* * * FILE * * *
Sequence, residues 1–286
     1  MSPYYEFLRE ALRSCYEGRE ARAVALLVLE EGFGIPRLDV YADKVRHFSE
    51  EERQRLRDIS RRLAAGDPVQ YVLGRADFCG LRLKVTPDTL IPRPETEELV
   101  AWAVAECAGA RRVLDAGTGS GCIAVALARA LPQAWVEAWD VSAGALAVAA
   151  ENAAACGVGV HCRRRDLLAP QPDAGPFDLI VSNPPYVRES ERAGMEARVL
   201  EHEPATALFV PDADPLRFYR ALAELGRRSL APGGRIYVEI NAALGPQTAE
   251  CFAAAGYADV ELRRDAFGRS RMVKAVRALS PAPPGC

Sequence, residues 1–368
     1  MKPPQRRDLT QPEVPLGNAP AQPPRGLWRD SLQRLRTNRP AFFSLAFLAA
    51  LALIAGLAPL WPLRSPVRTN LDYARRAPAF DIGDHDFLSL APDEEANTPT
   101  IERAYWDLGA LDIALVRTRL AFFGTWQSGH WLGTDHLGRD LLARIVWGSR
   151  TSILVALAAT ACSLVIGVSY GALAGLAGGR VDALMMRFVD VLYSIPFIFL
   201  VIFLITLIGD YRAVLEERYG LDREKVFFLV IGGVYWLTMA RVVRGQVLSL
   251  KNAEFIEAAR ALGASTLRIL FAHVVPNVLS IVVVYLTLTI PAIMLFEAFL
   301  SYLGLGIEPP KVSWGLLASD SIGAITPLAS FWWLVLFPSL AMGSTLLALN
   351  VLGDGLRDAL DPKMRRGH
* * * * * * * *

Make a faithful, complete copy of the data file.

Sequence, residues 1–286
     1  MSPYYEFLRE ALRSCYEGRE ARAVALLVLE EGFGIPRLDV YADKVRHFSE
    51  EERQRLRDIS RRLAAGDPVQ YVLGRADFCG LRLKVTPDTL IPRPETEELV
   101  AWAVAECAGA RRVLDAGTGS GCIAVALARA LPQAWVEAWD VSAGALAVAA
   151  ENAAACGVGV HCRRRDLLAP QPDAGPFDLI VSNPPYVRES ERAGMEARVL
   201  EHEPATALFV PDADPLRFYR ALAELGRRSL APGGRIYVEI NAALGPQTAE
   251  CFAAAGYADV ELRRDAFGRS RMVKAVRALS PAPPGC

Sequence, residues 1–368
     1  MKPPQRRDLT QPEVPLGNAP AQPPRGLWRD SLQRLRTNRP AFFSLAFLAA
    51  LALIAGLAPL WPLRSPVRTN LDYARRAPAF DIGDHDFLSL APDEEANTPT
   101  IERAYWDLGA LDIALVRTRL AFFGTWQSGH WLGTDHLGRD LLARIVWGSR
   151  TSILVALAAT ACSLVIGVSY GALAGLAGGR VDALMMRFVD VLYSIPFIFL
   201  VIFLITLIGD YRAVLEERYG LDREKVFFLV IGGVYWLTMA RVVRGQVLSL
   251  KNAEFIEAAR ALGASTLRIL FAHVVPNVLS IVVVYLTLTI PAIMLFEAFL
   301  SYLGLGIEPP KVSWGLLASD SIGAITPLAS FWWLVLFPSL AMGSTLLALN
   351  VLGDGLRDAL DPKMRRGH